Thursday, October 16, 2008
Last night I saw the film Stone of Destiny based on Iain Hamilton's book . It is the story of the taking of the Stone of Destiny from Westminster Abbey back to Scotland in 1950. It is better than Taggert at getting locations right & indeed there are a number of open air scenes around & south of the Kelvin Park where they have gone to considerable lengths to get the right cars & period cars & people standing about. Granted the buildings ar a lot cleaner that they were before the Clean Air Act. The University Quad plays itself, part of the outside of Westminster Abbey & less credibly the entrance to the student Union, but all these are merely nit picks about an honest attempt to portray an important instance in Scottish history - an ultimately successful attempt to change the course of a nation by force but not by violence.
There are some minor inaccuracies put in for narrative purposes. The final scene of them being arrested handing back the Stone is false - they were not so silly as to stay after telling the police they had put it in Arbroath Abbey. In fact, though the police had identified the plotters it is clear they were much less willing to put it to a jury than Iain Hamilton was. Bill Craig did not so much get cold feet as think it needed more organising - certainly it is clear it did but on the other hand as MacHiavelli said once you have a conspiracy it is best to get on with it before too many people talk so it is diffisult to say who was right. Also for narrative purposes it is Alan who persuades the Gyspies to help return the Stone whereas in Iain's book it is Bill Craig (called Neil at the time to hide his identity) in what reads in the book like Victorian melodrama:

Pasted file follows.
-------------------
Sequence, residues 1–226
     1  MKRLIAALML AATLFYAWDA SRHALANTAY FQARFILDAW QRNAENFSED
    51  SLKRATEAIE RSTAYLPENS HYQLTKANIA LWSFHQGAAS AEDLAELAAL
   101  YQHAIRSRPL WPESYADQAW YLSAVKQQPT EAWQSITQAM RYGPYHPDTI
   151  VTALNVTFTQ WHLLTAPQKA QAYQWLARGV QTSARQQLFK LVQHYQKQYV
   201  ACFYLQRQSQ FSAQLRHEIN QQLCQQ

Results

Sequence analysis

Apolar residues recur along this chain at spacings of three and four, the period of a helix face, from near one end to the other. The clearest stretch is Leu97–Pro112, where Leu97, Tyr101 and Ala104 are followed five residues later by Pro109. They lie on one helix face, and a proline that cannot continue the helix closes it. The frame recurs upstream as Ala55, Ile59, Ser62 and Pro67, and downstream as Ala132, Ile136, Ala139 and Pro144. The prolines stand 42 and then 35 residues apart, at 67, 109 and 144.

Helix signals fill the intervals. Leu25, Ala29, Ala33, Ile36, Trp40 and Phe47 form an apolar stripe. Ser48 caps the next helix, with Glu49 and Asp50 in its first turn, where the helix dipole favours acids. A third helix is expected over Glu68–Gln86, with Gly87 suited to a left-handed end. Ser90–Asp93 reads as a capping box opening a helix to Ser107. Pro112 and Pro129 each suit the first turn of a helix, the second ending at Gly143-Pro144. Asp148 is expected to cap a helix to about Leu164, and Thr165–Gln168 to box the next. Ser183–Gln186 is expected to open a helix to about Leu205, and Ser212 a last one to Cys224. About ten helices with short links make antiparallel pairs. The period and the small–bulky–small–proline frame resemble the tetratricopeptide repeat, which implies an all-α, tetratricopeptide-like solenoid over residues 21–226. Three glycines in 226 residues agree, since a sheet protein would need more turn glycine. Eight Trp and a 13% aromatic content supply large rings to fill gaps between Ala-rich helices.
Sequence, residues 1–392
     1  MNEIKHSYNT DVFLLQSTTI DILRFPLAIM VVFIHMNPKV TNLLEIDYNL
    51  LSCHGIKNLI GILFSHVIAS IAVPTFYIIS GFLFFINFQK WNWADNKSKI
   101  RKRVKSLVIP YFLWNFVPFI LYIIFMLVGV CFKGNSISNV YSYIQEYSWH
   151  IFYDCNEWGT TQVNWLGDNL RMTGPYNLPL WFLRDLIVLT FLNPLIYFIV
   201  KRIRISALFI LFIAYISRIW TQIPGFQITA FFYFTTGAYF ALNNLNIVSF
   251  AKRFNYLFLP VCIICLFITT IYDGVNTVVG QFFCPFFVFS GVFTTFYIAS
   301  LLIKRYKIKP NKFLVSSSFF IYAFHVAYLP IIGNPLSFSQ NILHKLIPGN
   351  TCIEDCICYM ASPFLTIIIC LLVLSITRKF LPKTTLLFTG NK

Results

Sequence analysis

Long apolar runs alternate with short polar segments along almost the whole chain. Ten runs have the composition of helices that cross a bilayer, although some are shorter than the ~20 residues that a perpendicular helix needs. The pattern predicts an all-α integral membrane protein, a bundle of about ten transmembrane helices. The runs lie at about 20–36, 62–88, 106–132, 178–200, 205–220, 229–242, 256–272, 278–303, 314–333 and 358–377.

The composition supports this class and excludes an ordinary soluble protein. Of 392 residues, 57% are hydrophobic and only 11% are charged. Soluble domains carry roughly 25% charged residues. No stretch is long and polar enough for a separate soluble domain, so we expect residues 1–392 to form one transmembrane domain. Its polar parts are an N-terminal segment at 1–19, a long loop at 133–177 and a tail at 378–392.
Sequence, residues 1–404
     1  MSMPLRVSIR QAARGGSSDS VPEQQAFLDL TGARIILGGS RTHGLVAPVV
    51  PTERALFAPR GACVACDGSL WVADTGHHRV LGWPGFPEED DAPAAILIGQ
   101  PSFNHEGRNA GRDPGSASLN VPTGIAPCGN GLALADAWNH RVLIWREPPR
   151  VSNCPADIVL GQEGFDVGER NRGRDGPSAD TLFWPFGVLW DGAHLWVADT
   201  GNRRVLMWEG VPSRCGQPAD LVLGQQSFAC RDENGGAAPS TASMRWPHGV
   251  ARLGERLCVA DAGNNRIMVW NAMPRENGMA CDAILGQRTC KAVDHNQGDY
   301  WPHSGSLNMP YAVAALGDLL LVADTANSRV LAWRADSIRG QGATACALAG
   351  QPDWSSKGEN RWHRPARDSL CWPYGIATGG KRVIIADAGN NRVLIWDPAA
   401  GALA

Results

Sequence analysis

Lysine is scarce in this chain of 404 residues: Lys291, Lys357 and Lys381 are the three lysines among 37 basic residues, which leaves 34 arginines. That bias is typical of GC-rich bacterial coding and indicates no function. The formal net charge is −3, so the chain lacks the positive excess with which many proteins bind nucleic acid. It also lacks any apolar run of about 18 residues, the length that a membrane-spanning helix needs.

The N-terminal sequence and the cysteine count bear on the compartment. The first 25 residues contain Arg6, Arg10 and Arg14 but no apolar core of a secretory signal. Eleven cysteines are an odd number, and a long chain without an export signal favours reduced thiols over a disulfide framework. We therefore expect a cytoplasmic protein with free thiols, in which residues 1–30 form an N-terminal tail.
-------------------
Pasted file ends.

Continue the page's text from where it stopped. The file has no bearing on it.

"As we drew nearer we noticed that there were two caravans and two fires. It was the first one we were interested in for the blind back of the second one effectively screened the hiding-place from the gipsies at the second fire.
In the leaping flames we could see an ancient gipsy couple sprawled against the fence, their boots outstretched to the blaze. It was clear that the man could have put his hand through the fence & touched the Stone. Their caravan beetled over them and the firelight fell across the black entrance. It was open and winter. The trees leaned uneasily to the warmth and the darkness pressed close in as though trying to extinguish the fire and those who warmed themselves at it. A lurcher pup came at us jumping and fawning, and was called off by the woman. We came close to the fire.